Biting into a pastel de nata isn’t a bad way to start the morning. Not the healthiest way of course but when in Lisbon, it really is the thing to do.
Head to your local cafe and order a coffee with a pastry on the side. This is generally eaten at the bar while standing, a bit like they do in Italy if you’ve been there before.
It’s a cheap and delicious start to a day of sightseeing.
Eating Our Way Around Lisbon
As this was my first trip to Lisbon, I was curious to find out about the local specialties and where to go to find them.
I was fortunate to be working with a local food guide on this trip and he gave us both a historic tour of the city and an introduction to Lisbon’s food culture.
Unfortunately, the tour I took is no longer available but this one is very similar.
Our guide Paulo started by insisting that the locals have a pastry with their coffee four or five times a day. I’m not convinced this is true but I want to believe it.
The City of Almada
After a bit of sightseeing in the wonderfully historic Bairro Alto neighbourhood, we took a small ferry across the water to get a view of Lisbon’s Golden Gate-style bridge, known as the 25 de Abril Bridge.
This brought us to Almada, a portside city that is well worth visiting for its seafood and a few interesting sights.
Here we were treated to plates loaded with seafood and a couple of glasses of Portugal’s famous vinho verde, a light and refreshing green wine.
Back in Lisbon’s old town, we stopped at the peaceful Jardim de São Pedro de Alcântara which feels like it’s hidden away above the city.
This was the perfect place to recuperate from all the walking with a refreshing glass of limonada followed by a healthy-sized jug of Portuguese sangria.
Best Piri Piri Chicken in Lisbon
We were getting a bit peckish again and even though we were heading out to dinner later we all voted to take a detour and try Portugal’s famous spicy piri piri chicken.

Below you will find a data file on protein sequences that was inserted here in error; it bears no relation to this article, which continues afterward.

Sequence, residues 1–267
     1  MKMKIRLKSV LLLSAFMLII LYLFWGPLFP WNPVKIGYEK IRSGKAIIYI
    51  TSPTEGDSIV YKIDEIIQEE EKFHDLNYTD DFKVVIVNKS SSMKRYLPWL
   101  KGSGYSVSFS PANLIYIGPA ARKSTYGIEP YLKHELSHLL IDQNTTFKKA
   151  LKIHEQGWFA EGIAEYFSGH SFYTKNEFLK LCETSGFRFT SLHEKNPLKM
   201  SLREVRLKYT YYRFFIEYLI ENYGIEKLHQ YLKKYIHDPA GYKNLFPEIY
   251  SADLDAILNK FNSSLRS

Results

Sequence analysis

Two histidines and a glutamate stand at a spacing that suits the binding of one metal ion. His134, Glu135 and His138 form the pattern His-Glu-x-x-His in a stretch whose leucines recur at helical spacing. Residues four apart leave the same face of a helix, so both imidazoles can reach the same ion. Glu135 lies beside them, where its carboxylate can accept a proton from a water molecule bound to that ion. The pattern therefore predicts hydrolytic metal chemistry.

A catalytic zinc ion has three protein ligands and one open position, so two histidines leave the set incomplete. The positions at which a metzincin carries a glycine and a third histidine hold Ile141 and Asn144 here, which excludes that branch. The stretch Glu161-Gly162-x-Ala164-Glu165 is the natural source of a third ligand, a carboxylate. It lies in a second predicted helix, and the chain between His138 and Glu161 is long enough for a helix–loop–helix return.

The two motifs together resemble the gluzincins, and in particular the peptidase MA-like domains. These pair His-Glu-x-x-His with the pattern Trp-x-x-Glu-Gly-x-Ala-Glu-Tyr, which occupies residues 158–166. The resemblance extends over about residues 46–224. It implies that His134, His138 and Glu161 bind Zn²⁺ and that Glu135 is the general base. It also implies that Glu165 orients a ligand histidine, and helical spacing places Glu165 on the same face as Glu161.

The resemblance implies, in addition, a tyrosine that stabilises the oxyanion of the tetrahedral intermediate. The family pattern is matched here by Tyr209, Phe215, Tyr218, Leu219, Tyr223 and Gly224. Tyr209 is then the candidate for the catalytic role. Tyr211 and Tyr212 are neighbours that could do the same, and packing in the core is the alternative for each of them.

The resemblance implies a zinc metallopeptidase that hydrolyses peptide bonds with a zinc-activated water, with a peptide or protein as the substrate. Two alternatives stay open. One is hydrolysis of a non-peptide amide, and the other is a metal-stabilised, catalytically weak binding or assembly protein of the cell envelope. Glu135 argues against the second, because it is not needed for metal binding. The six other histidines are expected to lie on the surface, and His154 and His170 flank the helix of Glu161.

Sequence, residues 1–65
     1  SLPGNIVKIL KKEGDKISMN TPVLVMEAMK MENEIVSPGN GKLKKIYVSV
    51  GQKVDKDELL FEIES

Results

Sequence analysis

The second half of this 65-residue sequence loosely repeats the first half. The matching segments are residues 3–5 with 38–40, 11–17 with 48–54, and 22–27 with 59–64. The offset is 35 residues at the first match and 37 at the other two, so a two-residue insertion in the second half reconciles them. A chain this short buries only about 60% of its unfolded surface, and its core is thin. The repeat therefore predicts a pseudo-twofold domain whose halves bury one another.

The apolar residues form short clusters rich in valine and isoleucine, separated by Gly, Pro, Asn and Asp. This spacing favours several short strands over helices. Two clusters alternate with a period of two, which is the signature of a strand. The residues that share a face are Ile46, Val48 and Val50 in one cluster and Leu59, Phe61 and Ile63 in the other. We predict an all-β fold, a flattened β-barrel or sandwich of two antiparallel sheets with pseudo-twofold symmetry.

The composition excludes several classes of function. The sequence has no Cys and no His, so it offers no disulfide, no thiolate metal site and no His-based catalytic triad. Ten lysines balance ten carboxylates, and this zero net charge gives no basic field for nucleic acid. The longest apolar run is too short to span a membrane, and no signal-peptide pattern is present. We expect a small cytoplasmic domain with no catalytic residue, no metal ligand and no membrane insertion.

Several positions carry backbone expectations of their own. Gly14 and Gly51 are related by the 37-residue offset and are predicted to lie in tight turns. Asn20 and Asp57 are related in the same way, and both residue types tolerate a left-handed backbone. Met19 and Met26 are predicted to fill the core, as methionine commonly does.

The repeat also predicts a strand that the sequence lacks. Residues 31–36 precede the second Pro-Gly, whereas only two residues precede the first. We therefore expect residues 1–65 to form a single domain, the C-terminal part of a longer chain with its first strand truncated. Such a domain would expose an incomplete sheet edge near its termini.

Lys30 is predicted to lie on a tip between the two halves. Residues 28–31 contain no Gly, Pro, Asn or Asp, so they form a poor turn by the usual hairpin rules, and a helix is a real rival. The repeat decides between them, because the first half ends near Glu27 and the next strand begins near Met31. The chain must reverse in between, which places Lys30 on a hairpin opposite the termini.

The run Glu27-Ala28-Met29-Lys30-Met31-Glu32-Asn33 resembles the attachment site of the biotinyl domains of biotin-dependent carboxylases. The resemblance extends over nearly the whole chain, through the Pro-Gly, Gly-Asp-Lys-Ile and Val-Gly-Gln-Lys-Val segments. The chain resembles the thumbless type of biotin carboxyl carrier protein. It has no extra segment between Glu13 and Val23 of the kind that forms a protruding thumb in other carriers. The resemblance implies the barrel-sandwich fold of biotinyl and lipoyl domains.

On the recommendation of our guide, we ate at restaurant Bonjardim. It’s located in the centre of Lisbon, not far from the Restauradores metro station.
This is rated as the best piri piri chicken in Lisbon and I can definitely vouch for its delicious simplicity. I ate a Bonjardim on two other occasions while in Lisbon, so yeah, it was good and budget-friendly.
With our walking tour over, we put on our helmets and hopped on the back of a motorcycle for a sidecar tour.
This is the sidecar tour. I highly recommend it.
These kinds of tours are so much fun, especially if you’re in a group. I was surprised at the attention we got from tourists and locals alike as we made our way around Lisbon’s streets in vintage sidecars.
The tour finished with us overlooking Lisbon as the sun was setting. This city is stunning in the evening and it’s one of the most exciting cities in Europe for nightlife.
Seeing as we hadn’t eaten enough pastries that day, we finished the day at the most famous pastry shop in Portugal, Pasteis de Belem.
These are like designer pasteis de nata and only pastries from this one shop can use the protected Pasteis de Belem name. So basically, pasteis de nata is the generic name for this kind of pasty and Pasteis de Belem is the brand name from this specific shop in the Belem neighbourhood.
Personally, I don’t think there is much difference between the famous and the generic varieties but I’m no expert. I do recommend visiting though and be sure to get them fresh out of the oven.
To finish our Lisbon foodie adventure we headed out for a night of food and fado at Mesa de Frades. I must admit to having no knowledge of fado before that night but it turned out to be quite an experience. Here’s an example of fado from Lisbon’s ‘Queen of Fado’ Amalia Rodrigues.
After a long day of discovering what to eat in Lisbon, we returned to our cosy Lisbon apartment.
Since this trip, Lisbon has experienced difficulties with housing affordability which has been exacerbated but short-term rental sites like Airbnb. To support sustainable tourism, I suggest staying at a hotel and leaving the apartments for residents who desperately need homes.